Why Local Matters
Local food initiatives of all kinds have sprouted up across the country as people recognize the benefits that eating local, seasonal, and sustainably grown foods can have on the health of our communities, our environment, and our own personal well-being.
Locally grown foods generally make a short 50-100 mile trip from farm-to-table, rather than a 1,500 mile cross-country or global journey. This means local fruits and veggies are more flavorful, enjoyable and usually more nutritious. Shortening the distance between farm and table also reduces pollution and the use of fossil fuels, making local foods healthier for the planet.
By choosing local food, a greater portion of our food dollar stays home, supporting the local farms and businesses that drive our regional economy. Estimates show that if Northeast Ohioans localized just 10% of our food spending (about $10 per week), over $700 million dollars could be generated for our local economy.
"Learning to eat with the ebb and flow of the seasons is the single thing that has made my eating more enjoyable. Our culinary seasons have been blurred by commerce, and in particular by the supermarkets' much vaunted idea that consumers want all tings to be available all year round. I don't believe this is true. I have honestly never met anyone who wants to eat a slice of watermelon on a cold March evening, or a plate of asparagus in January. It is a myth put about by the giant supermarkets. I worry that today it is all too easy to lose sight of food's natural timing and, worse, to miss it when it is at its sublime best."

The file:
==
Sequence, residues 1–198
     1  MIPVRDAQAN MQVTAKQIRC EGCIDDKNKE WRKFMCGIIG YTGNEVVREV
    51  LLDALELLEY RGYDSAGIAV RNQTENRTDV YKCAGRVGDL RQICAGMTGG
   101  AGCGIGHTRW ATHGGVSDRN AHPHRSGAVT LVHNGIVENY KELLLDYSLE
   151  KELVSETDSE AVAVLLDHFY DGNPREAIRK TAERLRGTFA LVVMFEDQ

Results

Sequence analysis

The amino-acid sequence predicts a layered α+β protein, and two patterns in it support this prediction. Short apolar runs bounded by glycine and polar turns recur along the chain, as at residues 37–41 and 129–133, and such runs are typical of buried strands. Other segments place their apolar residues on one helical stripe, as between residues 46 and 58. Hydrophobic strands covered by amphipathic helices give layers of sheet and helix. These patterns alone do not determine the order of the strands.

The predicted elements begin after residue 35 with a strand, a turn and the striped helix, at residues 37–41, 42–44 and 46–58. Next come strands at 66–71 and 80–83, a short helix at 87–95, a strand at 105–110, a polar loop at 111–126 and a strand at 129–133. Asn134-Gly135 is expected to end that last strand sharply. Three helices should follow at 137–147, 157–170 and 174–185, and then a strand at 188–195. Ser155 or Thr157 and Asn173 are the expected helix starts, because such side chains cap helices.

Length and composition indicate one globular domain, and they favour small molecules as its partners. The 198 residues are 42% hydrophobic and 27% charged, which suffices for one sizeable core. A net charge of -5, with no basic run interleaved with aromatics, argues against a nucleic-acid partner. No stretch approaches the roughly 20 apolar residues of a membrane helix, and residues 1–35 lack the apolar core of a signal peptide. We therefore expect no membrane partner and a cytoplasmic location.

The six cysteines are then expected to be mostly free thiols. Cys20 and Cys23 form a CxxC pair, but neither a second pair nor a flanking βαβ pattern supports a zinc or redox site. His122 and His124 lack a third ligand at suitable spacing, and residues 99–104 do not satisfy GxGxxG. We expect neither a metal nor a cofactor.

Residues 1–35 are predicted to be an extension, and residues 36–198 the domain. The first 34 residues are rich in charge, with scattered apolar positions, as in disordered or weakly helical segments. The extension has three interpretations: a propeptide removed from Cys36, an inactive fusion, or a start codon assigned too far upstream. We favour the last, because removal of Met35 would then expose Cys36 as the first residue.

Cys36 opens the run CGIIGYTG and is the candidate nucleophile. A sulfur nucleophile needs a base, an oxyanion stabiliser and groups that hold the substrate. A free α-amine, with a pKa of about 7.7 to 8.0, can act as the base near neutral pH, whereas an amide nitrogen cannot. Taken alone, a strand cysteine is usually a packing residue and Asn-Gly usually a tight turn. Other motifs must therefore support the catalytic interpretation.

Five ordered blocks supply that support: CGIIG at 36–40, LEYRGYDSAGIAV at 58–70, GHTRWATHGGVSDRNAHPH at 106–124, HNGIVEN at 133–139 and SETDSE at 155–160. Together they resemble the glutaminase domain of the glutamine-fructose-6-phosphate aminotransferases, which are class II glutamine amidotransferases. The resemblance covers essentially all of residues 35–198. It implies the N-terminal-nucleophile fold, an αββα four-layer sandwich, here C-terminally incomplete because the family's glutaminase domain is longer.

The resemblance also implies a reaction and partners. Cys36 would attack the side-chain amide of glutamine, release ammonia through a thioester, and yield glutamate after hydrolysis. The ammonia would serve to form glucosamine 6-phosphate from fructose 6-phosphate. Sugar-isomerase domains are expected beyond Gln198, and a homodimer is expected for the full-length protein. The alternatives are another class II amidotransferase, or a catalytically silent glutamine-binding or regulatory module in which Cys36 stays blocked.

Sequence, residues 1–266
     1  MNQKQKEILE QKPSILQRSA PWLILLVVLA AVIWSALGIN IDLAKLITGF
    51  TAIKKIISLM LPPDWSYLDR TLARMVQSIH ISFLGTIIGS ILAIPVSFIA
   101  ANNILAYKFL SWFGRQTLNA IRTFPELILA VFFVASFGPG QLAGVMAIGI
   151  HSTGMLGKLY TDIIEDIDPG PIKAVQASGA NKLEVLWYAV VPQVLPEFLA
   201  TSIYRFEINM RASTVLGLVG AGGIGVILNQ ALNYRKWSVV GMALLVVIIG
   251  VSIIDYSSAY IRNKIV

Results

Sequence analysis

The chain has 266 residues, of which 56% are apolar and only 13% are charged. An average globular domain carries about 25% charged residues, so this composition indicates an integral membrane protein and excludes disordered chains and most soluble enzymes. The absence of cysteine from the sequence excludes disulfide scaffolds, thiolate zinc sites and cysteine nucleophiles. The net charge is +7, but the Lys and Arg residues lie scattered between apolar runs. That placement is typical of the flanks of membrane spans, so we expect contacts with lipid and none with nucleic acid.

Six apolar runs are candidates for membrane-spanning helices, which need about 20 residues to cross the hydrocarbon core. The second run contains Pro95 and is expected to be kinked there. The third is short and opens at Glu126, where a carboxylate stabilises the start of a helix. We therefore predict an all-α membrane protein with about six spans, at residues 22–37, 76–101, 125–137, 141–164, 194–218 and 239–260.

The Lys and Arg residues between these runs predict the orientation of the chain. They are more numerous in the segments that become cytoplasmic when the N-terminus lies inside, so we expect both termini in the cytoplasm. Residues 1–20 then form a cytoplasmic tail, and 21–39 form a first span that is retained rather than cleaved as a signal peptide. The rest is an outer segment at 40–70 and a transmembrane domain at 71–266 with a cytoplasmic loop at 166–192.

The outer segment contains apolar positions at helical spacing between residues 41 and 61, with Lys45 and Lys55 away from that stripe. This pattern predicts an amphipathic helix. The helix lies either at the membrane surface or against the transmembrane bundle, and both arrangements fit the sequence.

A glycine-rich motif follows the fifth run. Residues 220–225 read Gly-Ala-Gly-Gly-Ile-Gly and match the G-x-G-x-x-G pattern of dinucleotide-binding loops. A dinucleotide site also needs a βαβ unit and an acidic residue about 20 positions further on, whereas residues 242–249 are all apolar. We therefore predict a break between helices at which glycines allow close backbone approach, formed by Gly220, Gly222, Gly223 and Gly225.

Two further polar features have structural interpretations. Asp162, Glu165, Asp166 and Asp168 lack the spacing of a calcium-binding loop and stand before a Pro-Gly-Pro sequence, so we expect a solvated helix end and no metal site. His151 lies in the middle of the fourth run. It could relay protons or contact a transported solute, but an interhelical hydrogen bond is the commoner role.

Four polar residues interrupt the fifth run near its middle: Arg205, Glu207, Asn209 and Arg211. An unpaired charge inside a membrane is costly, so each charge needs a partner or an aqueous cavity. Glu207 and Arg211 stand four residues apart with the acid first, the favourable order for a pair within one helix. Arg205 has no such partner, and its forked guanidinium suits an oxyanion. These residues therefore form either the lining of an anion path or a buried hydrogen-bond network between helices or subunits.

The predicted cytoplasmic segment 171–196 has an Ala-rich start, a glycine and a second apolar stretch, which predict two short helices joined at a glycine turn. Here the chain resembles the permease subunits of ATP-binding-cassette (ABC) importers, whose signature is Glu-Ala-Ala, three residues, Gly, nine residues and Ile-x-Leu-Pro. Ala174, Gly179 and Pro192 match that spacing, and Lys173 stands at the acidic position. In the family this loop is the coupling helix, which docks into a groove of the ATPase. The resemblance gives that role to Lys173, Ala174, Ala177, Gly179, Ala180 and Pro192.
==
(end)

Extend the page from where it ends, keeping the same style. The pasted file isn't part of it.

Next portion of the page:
~Nigel Slater, The Kitchen Diaries: A Year in the Kitchen with Nigel Slater